HC-One consults on using CCTV in residents’ rooms

Posted on May 27th, by geoff in Caring Times, Caring Times head. No Comments

Caring Times, June 2013

HC-One, the UK’s third largest residential care provider, has launched a consultation on whether visible CCTV cameras should be installed in all of its 226 care and nursing homes to deter and reduce possible abuse and neglect of residents.

The company commissioned a poll of more than 2000 British adults, asking whether they would support or oppose the cameras in care homes. Four in five (80%) supported the installation of visible cameras in care homes – and more than a third (36%) said they strongly supported the measure.

Should the scheme get the green light, HC-One care homes would operate an ‘opt-in’ scheme where residents and their relatives would be able to ask for cameras to be placed in their rooms.

HC-One is confirming that it intends to ask residents, families and staff if they would support such a measure. HC-One will be the first provider to implement this kind of scheme.

It is hoped that such a scheme will help root out instances of poor quality care, neglect and abuse, and act as a deterrent against deliberate bad practice and cruelty, while protecting the privacy and dignity of residents who would prefer not to be filmed.

HC-One says its consultation with residents and relatives will be conducted over the coming four months.

Panorama exposés

Two years ago, failings were exposed at an HC-One home by the BBC TV’s Panorama when a relative secretly filmed in a resident’s room. Since then HC-One has been considering the controversial issue of using cameras in all its homes, and discussing the potential scheme with stakeholders and regulators.

HC-One chairman Dr Chai Patel said the secret filming that took place in 2012 had shown shocking and distressing failings.

“We do not tolerate this kind of behaviour and we remain deeply sorry to the resident and their family,” said Dr Patel. “Over the last two years we have had conversations with our stakeholders and our regulator about the potential use of cameras in homes to protect the health and wellbeing of our residents. This is, and always will be, our number one priority.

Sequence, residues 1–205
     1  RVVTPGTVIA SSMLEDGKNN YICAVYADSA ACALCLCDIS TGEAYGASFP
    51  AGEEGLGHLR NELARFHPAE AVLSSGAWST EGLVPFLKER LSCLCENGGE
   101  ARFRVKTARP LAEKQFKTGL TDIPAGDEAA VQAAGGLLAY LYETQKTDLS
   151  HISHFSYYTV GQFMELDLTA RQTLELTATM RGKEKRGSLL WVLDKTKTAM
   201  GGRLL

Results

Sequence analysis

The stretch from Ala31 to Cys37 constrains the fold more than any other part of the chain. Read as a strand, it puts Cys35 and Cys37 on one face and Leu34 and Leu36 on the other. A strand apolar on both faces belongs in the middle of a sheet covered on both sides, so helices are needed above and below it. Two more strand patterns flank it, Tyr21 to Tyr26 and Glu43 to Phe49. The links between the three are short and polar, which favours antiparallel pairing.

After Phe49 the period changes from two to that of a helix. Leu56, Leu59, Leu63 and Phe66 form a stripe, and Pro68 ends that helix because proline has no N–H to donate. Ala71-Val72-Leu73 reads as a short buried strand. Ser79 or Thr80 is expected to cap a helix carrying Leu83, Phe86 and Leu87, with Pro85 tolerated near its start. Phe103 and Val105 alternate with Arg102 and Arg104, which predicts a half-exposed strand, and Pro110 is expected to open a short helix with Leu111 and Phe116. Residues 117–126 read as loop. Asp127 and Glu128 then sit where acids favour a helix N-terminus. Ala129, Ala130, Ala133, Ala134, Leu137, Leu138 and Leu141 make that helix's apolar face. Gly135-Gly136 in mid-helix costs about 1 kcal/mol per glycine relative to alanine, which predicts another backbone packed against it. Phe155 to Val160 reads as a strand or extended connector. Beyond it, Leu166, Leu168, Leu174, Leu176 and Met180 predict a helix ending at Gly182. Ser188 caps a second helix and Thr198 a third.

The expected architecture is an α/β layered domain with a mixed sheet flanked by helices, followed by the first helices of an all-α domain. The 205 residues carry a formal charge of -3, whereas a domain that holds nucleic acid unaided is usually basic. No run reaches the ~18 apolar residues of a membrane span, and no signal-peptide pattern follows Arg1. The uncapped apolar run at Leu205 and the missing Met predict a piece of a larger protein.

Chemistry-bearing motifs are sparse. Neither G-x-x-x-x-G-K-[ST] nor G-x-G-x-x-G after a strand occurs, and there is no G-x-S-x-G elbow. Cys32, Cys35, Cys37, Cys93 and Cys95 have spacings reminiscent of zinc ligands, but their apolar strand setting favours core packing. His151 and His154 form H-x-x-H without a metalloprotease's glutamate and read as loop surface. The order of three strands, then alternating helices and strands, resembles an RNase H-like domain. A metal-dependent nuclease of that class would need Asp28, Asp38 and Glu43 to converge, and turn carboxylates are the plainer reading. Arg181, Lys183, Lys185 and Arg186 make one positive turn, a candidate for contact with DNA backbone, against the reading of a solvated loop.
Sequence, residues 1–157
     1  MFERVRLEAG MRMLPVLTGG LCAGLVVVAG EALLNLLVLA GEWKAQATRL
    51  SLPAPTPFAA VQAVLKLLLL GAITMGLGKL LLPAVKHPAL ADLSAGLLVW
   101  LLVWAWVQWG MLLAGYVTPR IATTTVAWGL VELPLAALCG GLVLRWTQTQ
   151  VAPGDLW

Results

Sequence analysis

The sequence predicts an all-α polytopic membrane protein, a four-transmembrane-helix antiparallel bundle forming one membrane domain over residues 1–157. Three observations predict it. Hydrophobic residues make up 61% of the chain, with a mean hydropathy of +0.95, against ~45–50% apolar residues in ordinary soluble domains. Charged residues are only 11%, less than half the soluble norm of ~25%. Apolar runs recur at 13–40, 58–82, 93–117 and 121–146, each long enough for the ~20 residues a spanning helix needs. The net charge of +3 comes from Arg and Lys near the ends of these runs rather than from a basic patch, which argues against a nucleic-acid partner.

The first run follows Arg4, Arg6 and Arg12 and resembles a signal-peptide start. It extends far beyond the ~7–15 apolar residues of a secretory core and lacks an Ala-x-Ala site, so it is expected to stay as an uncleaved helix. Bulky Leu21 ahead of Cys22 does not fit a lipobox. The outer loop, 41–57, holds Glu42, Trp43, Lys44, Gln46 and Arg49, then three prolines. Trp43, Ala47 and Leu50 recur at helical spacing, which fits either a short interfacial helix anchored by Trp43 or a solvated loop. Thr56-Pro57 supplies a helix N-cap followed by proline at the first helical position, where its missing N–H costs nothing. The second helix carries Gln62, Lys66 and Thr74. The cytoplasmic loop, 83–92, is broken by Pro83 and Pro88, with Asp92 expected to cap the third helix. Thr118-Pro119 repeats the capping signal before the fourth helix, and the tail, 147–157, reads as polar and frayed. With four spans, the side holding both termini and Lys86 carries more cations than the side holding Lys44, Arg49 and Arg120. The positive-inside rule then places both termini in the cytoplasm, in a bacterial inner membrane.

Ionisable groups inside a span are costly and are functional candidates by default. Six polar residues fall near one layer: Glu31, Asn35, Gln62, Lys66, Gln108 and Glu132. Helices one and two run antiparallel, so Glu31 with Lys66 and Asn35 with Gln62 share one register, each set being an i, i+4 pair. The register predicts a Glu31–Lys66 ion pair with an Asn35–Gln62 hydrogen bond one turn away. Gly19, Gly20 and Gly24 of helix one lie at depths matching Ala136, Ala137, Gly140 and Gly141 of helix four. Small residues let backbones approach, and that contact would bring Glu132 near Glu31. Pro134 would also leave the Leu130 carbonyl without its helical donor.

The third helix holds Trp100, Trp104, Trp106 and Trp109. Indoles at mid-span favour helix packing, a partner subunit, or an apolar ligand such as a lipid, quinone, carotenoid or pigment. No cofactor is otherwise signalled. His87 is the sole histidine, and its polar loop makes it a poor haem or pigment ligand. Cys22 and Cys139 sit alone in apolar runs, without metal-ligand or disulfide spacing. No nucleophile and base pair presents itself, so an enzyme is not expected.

“As an organisation, and as a sector, we need to move forward and tackle this problem once and for all. Unannounced inspections by the CQC, local authorities, and our own service quality teams are important, but alone they do not always uncover the actions of a small number of individuals.

“This is why we feel placing cameras in care homes can only help protect the wellbeing and dignity of those we support. We hope that, as a society, we can start an open and honest debate on this most vital issue.”

Support & caution

Previously, care minister Norman Lamb, CQC chairman David Prior, and chief inspector of adult social care for England Andrea Sutcliffe have all supported the idea of camera surveillance in care homes.

Older people’s charity Independent Age isn’t keen on the idea of cameras in residents’ rooms. The charity’s chief executive Janet Morrison said that in any setting, the privacy and dignity of care home residents must be protected.

“In the rare cases where there is a genuine cause for concern about the care of a resident we could see the potential for using CCTV,” said Ms Morrison. “However cameras must not be used as a matter of routine and we would not want their use to become the norm. They should never become a substitute for good management and proper staff supervision.”

The GMB union for many of staff who work in HC-One’s care homes, has also voiced a note of caution. Justin Bowden, GMB national officer for the care sector, said the union would seek the views of 6,000 members in 227 HC-One care homes.

“Cameras in care homes is a highly emotive subject which provokes understandably strong views and such a big step requires very careful consideration,” said Mr Bowden.

“HC-One is wise to be approaching this with caution and as part of a wide scale consultation.”

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